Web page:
As can be seen in Fig. 1, there is yet another pair of spinrelated decays that is mediated by the same quark transitions: and . In contrast to the , system, the final states are flavourspecific. Consequently, we have to rely on the direct CPviolating rate asymmetry as no mixinginduced CP violation arises. If additional information provided by the channel is used, together with plausible dynamical assumptions about finalstate interaction effects and coloursuppressed EW penguin topologies, the spinrelated , decays also allow the extraction of the CKM angle [5].
Thanks to the factories with the BaBar (SLAC) and Belle (KEK) experiments, the and decays are now experimentally well established, with the following CPaveraged branching ratios, as compiled by the Heavy Flavour Averaging Group (HFAG) [6]:
(1.2)  
(1.3)  
(1.4) 
The channel led to the observation of direct CP violation in the meson system [7], where the current HFAG average reads as
(1.5) 
Concerning the measurements of CP violation in , the BaBar and Belle collaborations agree now perfectly on the mixinginduced CP asymmetry:
(1.6) 
yielding the average of [6]. On the other hand, the picture of direct CP violation is still not experimentally settled, and the corresponding factory measurements differ at the level:
(1.7) 
In a recent paper [10], it was pointed out that the branching ratio and direct CP asymmetry of the mode favour actually the BaBar result. Following a different avenue, we will arrive at the same conclusion.
Since the factories are operated at the resonance, decays could not be studied at these colliders.^{1}^{1}1Recently, data were taken by Belle at , allowing also access to decays [11]. The exploration of the system is the territory of hadron colliders, i.e. of the Tevatron (FNAL), which is currently taking data, and of the LHC (CERN), which will start operation soon. In fact, signals for the and decays were recently observed at the Tevatron by the CDF collaboration at the and levels, respectively, which correspond to the following CPaveraged branching ratios: [12, 13]:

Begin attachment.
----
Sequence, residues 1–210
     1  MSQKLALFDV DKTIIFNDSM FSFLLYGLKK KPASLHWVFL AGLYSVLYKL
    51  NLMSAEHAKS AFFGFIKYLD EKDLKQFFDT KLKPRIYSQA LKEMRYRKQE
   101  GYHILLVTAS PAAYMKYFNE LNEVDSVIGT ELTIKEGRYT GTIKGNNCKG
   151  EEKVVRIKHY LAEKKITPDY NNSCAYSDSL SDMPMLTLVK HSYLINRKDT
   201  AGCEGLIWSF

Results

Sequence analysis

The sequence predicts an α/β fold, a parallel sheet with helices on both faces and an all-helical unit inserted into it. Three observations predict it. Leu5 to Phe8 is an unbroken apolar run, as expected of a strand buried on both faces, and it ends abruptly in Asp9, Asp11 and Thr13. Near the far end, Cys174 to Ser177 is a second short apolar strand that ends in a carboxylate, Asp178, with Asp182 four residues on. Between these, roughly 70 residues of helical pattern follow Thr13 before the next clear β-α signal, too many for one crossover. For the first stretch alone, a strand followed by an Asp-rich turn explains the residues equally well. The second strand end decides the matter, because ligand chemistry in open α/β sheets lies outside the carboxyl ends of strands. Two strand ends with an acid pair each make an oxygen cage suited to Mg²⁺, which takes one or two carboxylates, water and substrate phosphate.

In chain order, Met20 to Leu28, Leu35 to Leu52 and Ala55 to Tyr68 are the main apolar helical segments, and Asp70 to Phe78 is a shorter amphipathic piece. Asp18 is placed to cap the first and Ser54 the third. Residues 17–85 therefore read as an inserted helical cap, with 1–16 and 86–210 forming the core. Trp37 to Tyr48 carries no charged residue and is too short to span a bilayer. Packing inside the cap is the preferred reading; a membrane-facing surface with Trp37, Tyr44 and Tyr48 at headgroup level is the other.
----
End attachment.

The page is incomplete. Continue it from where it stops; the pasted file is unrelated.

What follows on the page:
(1.8)  
(1.9) 
Moreover, also a CP violation measurement is available:
(1.10) 
whereas results for the CPviolating observables of were not yet reported.
In view of this progress, it is interesting to confront the , and , strategies with the measurements performed at the factories and the Tevatron. This is also an important analysis in view of the quickly approaching start of the LHC with its dedicated decay experiment LHCb, where the physics potential of the meson system can be fully exploited [14]. We will therefore give a detailed presentation, collecting also the relevant formulae, which should be helpful for the analysis of the future improved experimental data. The outline of this paper is as follows: in Section 2, we have a closer look at the , strategy, and move on to the , system in Section 3. Finally, we summarize our conclusions in Section 4. For analyses using QCD factorization, soft collinear effective theory or perturbative QCD, the reader is referred to Refs. [15, 16, 17].
2 The , Strategy
2.1 CP Violation in
In the Standard Model (SM), using the unitarity of the CKM matrix, the transition amplitude of the decay can be written as follows [1]:
(2.1) 
where is the corresponding angle of the UT, the parameter of the Wolfenstein expansion of the CKM matrix [18], denotes a CPconserving strong amplitude that is governed by the tree contributions, while the CPconsering hadronic parameter measures – sloppily speaking – the ratio of penguin to tree amplitudes. The CP asymmetries introduced in (1.1) take then the following form:
(2.2)  
(2.3) 
where is the CPviolating – mixing phase, which is given by in the SM, with denoting another UT angle. This phase has been measured at the factories with the help of the “golden” decay and similar modes, including and channels to resolve a twofold ambiguity, as follows [6]:
(2.4)